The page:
Property markets across the UK saw signs of a slowdown in June, although average prices grew on an annual basis with the soaring inflation rate, according to the government data released on Wednesday.
By the end of June, the average property sales price across the UK was £286,397 (US$344,850), rising 7.8% from a year ago, according to the Office for National Statistics.
While the annual price growth still reflected an imbalance between demand and supply, it was also a result of the overall rising cost of living. The inflation rate in the UK reached 10.1% in July, a 40-year record high, Wednesday’s government data showed.
Compared to May’s 12.8% increase, June’s price growth rate was much slower. Furthermore, average home prices increased by just 1% between May and June, down from an increase of 5.7% during the same period a year earlier.
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Another sign of a market slowdown is the dipping number of transactions, which declined 7.9% between May and June. For properties valued at £40,000 or above, the number of sales nationwide was 95,420 in June, down 54.3% from a year ago, according to the Office for National Statistics.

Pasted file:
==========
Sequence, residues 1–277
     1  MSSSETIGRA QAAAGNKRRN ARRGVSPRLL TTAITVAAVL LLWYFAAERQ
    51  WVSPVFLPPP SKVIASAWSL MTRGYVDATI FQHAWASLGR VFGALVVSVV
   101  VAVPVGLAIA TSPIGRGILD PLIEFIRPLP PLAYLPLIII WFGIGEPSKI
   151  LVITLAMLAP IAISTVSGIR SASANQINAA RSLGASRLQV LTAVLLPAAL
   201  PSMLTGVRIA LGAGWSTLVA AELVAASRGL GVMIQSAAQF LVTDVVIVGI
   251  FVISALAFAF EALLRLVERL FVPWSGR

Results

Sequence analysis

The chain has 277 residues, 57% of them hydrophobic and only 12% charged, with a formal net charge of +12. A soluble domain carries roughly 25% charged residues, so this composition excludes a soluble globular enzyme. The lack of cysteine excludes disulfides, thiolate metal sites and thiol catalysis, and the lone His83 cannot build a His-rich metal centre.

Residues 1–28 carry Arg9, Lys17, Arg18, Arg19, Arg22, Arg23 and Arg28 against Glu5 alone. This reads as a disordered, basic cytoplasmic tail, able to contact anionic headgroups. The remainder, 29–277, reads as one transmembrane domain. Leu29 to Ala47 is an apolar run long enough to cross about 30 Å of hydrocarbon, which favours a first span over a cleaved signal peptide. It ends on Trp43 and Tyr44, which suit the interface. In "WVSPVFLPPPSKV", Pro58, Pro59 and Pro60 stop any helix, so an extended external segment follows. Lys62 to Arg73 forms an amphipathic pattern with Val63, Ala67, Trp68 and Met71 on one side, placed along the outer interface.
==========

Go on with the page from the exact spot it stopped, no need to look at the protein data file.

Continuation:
“Interest rate rises and talk of recession are cooling demand. In recessionary times and when interest rates are higher, demand for buying properties tends to fall,” Anna Clare Harper, director of real estate technology platform IMMO, said in a statement Wednesday.
However, “the slowdown in growth should not be taken as an indicator of a major crash to follow,” she warned, as demand for buying and renting properties still outweighs supply.
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In London, the average house price increased 6.3% annually to £537,920. Detached homes experienced the greatest increase, up 8.5%, to an average of £1.08 million. The average apartment price was £447,046, up 5% year over year, the slowest rate for any property type, according to official data.
“Overall, London’s property market remained extremely active throughout the second quarter of the year and supply continued to be outstripped by demand, putting further pressure on prices,” Richard Davies, managing director of Chestertons, a London-based estate agency, said in a statement.
Prime central London is expected to remain a competitive market as investors “are lured back into the market by rising rents and the potential of higher profits,” he added.